The BBC attempts to tackle the subject of young women committing suicide in Canada, and does so in typically garbled fashion. Let’s take a look.
Suicide amongst young women is on the rise. When it comes to mental health, is gender the elephant in the room?
That’s a good question. Let’s see how the BBC answers it.
Across the country, suicide amongst teen girls and young women is on the rise, while male suicide in the same age group declines, according to data released by Statistics Canada on Thursday.
Health experts have long been concerned with the prevalence of suicide amongst young men. It has been called a “silent epidemic” and for good reason. In 2013, men were three times as likely to kill themselves as women, the latest data shows.
But while men are still much more likely to kill themselves in Canada, young women are starting to catch up. Over the past decade, the suicide rate amongst girls has increased by 38%, while male suicide decreased by 34%.
So while men have been killing themselves at three times the rate of women for decades, it becomes a “gender elephant in the room” if the statistics start to converge slightly? Uh-huh.
The growth has helped level out the gender-gap, with women accounting for 42% of all suicide deaths under 20 in 2013. In 2003, they accounted for just over a quarter.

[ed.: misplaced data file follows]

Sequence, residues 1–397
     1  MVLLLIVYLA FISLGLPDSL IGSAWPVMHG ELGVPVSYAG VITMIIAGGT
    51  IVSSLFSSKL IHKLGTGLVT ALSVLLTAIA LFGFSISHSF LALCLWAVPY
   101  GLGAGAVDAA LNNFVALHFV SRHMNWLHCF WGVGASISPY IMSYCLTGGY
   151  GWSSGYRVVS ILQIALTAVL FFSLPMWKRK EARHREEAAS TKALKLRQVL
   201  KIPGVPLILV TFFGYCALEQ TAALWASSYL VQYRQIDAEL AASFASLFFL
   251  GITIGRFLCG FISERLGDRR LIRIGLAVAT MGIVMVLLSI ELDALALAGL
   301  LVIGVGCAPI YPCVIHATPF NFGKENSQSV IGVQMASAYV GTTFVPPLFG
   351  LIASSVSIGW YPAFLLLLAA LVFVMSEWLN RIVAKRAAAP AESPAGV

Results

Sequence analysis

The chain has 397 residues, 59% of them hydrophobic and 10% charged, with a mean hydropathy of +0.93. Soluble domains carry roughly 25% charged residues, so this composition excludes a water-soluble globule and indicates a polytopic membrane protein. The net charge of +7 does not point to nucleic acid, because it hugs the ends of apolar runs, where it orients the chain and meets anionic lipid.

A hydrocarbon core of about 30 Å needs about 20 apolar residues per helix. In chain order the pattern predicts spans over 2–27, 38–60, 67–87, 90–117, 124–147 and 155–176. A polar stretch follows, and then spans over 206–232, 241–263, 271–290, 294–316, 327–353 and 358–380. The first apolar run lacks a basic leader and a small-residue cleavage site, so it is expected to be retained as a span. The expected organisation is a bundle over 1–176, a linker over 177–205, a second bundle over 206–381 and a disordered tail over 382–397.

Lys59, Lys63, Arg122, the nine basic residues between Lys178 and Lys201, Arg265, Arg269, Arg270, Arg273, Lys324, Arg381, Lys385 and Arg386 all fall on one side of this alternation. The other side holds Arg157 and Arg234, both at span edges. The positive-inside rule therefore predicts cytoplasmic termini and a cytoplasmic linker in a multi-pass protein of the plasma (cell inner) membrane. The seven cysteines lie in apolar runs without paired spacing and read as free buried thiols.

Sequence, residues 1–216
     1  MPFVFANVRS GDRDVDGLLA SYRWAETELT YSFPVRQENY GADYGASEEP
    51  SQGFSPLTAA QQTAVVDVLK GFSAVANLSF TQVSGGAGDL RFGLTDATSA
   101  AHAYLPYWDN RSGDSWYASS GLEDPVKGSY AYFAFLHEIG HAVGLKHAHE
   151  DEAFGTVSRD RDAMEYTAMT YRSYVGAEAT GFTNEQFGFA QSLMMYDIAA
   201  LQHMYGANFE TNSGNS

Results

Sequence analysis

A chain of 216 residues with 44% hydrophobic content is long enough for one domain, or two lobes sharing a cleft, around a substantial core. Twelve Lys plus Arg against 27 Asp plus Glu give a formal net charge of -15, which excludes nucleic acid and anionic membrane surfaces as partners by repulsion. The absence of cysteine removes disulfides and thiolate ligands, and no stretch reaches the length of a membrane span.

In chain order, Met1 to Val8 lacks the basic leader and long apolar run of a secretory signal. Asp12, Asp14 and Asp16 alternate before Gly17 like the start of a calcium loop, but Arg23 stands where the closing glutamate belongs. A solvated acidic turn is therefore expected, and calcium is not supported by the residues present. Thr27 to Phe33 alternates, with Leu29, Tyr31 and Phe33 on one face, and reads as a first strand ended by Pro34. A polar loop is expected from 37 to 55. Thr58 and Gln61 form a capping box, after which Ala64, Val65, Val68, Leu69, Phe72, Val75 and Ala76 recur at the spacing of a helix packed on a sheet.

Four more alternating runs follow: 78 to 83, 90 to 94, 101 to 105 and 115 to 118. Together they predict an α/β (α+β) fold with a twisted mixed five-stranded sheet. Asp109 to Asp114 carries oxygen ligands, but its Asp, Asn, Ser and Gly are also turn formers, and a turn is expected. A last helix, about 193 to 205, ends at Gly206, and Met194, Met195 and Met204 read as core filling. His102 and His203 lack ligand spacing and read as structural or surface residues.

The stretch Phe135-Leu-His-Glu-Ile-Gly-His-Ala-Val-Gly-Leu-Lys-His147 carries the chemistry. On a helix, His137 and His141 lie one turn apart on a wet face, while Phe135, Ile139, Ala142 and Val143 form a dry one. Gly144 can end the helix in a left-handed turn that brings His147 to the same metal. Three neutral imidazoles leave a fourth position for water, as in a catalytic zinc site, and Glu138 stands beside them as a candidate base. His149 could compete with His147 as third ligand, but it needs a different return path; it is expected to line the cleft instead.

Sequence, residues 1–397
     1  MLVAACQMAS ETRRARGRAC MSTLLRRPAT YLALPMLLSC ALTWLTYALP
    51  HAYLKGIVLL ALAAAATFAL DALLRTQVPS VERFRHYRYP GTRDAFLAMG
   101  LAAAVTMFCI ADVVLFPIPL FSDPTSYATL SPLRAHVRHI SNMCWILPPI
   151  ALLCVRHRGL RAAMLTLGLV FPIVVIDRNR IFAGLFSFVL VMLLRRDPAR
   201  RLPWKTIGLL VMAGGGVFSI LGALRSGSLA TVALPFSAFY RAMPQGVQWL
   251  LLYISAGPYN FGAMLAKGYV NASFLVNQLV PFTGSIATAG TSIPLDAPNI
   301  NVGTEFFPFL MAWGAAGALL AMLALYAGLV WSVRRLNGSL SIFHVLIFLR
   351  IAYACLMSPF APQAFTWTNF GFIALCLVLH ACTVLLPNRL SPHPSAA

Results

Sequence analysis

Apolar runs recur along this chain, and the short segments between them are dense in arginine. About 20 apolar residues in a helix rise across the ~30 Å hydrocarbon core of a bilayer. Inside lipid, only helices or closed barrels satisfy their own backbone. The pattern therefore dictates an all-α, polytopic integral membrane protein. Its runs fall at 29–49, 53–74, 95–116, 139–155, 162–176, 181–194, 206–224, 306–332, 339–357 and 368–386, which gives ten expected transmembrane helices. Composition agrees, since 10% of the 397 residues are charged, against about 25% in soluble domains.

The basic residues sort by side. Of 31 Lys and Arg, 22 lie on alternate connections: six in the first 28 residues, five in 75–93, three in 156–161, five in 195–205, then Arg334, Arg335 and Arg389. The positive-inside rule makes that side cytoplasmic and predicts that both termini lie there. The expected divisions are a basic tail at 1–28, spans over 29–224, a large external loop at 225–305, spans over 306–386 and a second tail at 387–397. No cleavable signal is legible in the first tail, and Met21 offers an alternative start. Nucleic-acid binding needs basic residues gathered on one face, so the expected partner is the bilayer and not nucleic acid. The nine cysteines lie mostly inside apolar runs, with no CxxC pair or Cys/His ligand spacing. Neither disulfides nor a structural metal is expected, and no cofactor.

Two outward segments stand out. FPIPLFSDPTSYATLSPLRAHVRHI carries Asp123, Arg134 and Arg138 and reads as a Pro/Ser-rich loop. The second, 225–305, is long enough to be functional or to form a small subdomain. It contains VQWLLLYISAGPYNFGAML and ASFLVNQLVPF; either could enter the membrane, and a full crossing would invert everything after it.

Hmmm. Some absolute numbers would be good here. Has the number of male suicides stayed the same, or dropped? And why cite data from 2013 in an article published in 2017. Updated suicide data can’t be that hard to get hold of. Some proper journalism would be nice.
A 2012 report by the Public Health Agency of Canada urged researchers to look at why suicide had declined in teen boys since the 1980s, but not in girls. With the government expected to earmark considerable funds for mental health in the next annual budget, due in mid-March, health experts are wondering if Canada needs to rethink the role of gender in suicide prevention.
If men are offing themselves, then fuck them and fuck the patriarchy. If the female suicide stats start to pick up a notch, then health experts suddenly become interested in the role of gender. Somebody wants to get their mitts on those funds, don’t they?
“It definitely warrants some really dedicated attention to why there has been such an increase, particularly when we are seeing children and youth dying by suicide,” says Renee Linklater, director of Aboriginal community engagement at the Centre for Addiction and Mental Health in Toronto.
Ms Linklater says she’s been concerned about growing suicide rates amongst young indigenous women for some time, and limited data suggests they are more vulnerable than non-indigenous girls. Data obtained by the BBC for 2015 shows that indigenous women are more likely to kill themselves than non-indigenous women.
Could that be cultural, do you think? Surely this is more worthy of further research than the role of gender?
Women made up more than half of all indigenous suicides in 2015, compared to the non-aboriginal population where women made up just one quarter of all suicides. Between 2006 and 2015, the number of female suicides climbed 1.5 times faster in indigenous women than it did for non-indigenous women.
So being an indigenous woman sucks big time and it’s getting worse. Is this more related to gender or culture or a combination of both? Either way, I think the BBC has got its headline wrong.
Ms Linklater says we should be paying more attention to this disparity, and the affects that gender and colonialism have on young indigenous women, whom she says experience “double oppression”.